Sunday, August 16, 2009

More On Health Care Reform/How Really to Lower Health Care Costs

Over at Conglomerate, Gordon Smith has posted a thoughtful analysis of the politics and policy of President Obama's health care reform efforts.

Among other things, Smith notes that most Americans are generally happy with the health care they receive. Moreover, despite some initial promises, there is no indication that the plans promoted by President Obama and his allies will improve the amount or quality of care that most Americans receive. Instead, Smith suggests, providing health insurance for 45 million additional Americans will only increase the cost that everyone else pays for health care, and perhaps reduce its quality. (I'll add here that it will increase cost in two ways: first, it will increase the demand for health care services (according to some sources the uninsured currently receive 50-60 percent of the care received by others), without any increase in the supply of health care, thus driving up the price of such services. ("Where are the additional doctors ?" Smith asks.) Second, it will increase expenditures, by the government and the private sector, on health care, hence the $1 trillion (minimum) price tag of the proposals in the Congress., and that is just the price tag for the national government.) Smith concludes that, unless the Democrats can convince Americans that that their plans will actually improve their health care and/or lower the price they pay for it, no ambitious plan will actually pass Congress.

I certainly agree with Smith's cogent analysis of both the policy issues and the politics of health care reform. I will also add that President Obama is missing a real opportunity here. There may in fact be a way to BOTH increase access to health care (certainly an important policy objective) AND reduce costs, but no one is talking about it. That is, the government could take various steps to reduce the costs of producing and financing health care, shifting the supply curve of such services so that, despite increased demand for care, prices might actually fall. Or, at least such steps could mitigate any price increase that would otherwise result from increasing health care expenditures on the 45 million or so individuals who are not insured.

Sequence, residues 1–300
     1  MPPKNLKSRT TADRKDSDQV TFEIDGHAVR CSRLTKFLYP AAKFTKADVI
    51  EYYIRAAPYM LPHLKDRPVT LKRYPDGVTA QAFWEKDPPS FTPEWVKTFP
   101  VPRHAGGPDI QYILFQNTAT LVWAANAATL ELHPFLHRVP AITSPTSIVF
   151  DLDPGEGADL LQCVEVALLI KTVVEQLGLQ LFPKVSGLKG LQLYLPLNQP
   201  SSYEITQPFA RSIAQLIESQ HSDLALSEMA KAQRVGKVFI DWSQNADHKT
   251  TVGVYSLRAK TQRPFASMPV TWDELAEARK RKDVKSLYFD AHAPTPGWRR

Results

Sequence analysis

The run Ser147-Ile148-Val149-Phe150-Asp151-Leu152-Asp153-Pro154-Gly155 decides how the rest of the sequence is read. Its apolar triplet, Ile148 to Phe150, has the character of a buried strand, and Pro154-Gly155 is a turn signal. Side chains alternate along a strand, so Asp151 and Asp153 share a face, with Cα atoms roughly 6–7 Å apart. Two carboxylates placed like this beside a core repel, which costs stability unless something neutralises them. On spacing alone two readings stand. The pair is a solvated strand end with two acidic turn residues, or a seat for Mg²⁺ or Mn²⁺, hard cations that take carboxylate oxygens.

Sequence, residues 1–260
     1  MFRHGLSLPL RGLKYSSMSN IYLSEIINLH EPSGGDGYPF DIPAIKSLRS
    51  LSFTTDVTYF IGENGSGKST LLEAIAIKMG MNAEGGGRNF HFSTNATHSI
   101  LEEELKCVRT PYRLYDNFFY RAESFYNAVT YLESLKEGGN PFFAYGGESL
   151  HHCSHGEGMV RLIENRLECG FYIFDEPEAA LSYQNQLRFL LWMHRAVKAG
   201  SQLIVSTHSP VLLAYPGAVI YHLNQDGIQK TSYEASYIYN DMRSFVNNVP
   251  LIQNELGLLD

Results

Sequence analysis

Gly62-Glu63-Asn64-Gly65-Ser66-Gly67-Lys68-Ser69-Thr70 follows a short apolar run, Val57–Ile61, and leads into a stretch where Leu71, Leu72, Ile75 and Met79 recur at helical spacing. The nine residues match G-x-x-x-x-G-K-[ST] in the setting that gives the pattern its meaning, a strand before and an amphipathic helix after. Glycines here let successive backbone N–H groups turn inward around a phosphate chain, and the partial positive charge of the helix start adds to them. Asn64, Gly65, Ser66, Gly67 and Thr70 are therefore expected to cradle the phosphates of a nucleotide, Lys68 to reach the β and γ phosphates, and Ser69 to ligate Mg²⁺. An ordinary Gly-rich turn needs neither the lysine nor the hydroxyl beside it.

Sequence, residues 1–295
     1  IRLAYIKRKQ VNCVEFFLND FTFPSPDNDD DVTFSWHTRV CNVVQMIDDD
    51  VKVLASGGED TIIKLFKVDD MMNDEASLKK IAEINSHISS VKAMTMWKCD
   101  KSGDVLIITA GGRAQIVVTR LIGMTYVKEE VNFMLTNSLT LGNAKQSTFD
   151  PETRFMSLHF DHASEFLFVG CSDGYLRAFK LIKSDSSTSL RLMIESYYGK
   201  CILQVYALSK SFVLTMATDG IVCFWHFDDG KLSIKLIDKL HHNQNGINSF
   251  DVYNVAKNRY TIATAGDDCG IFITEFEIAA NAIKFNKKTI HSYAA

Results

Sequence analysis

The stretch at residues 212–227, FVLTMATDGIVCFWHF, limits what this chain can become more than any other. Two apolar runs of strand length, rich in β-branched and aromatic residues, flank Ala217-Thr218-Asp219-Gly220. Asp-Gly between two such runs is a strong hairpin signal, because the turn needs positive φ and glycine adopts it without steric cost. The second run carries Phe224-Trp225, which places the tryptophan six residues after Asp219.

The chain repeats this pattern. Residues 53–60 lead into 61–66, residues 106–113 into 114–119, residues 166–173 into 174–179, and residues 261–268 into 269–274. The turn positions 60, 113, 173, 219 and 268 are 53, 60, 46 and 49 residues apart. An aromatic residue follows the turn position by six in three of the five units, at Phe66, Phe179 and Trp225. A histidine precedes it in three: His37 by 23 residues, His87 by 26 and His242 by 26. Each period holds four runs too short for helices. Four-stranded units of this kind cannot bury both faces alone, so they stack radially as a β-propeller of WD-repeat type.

Here are the sort of steps that I have in mind:

1) Increase the number of doctors educated here in the USA. The government could require states, as a condition of receiving Medicaid funds for instance, to increase the size of their medical schools, thus increasing the supply of physicians.

2) Relax immigration restrictions. Such restrictions prevent foreign-educated doctors from becoming U.S. citizens or prevent American-educated citizens of foreign countries from remaining in the USA. A growing number of Americans are travelling abroad, e.g., to India, for surgery. Why not bring the Indian doctors here, instead, thereby increasing the supply of physicians, as Smith seems to suggest?

3) Eliminate so-called "certificate of need" laws that prevent entry by hopsitals into underserved markets. Most states have such laws, which require individuals to obtain a state's approval before building a new hospital. According to one report, New York was the first state to adopt such laws, in 1964, and numerous other states followed suit at the behest of the American Hospital Association. Here's the report, from the National Conference of State Legislatures.  The Department of Justice and the Federal Trade Commission have criticized such laws, pointing out that they increase concentration in health care markets, reduce competition and drive up prices. The national legislature has the authority to preempt such laws, so long as they burden interstate commerce, which many of them do.  Moreover, Congress could also decline to provide, say, Medicaid subsidies to states that maintain such laws.

4) Reform the McCarran-Ferguson Act.  As explained in a previous post, the McCarran-Ferguson Act exempts health insurance companies from the sort of antitrust regulation that other companies live under, whenever states regulate or purport to regulate such companies themselves. McCarran-Ferguson also allows states to block out of state insurance companies from entering their markets. Both provisions, of course, naturally raise economic concentration in local health insurance markets and thus likely raise the price of health insurance.

So far as I can tell, none of the bills currently in play in the House or Senate includes any of the measures listed above. If the President and members of Congress really want to take on "special interests," why not take on the American Hospital Association and the AMA by attempting to preempt certificate of need laws and significantly increase the number of doctors? The failure to do so is perplexing.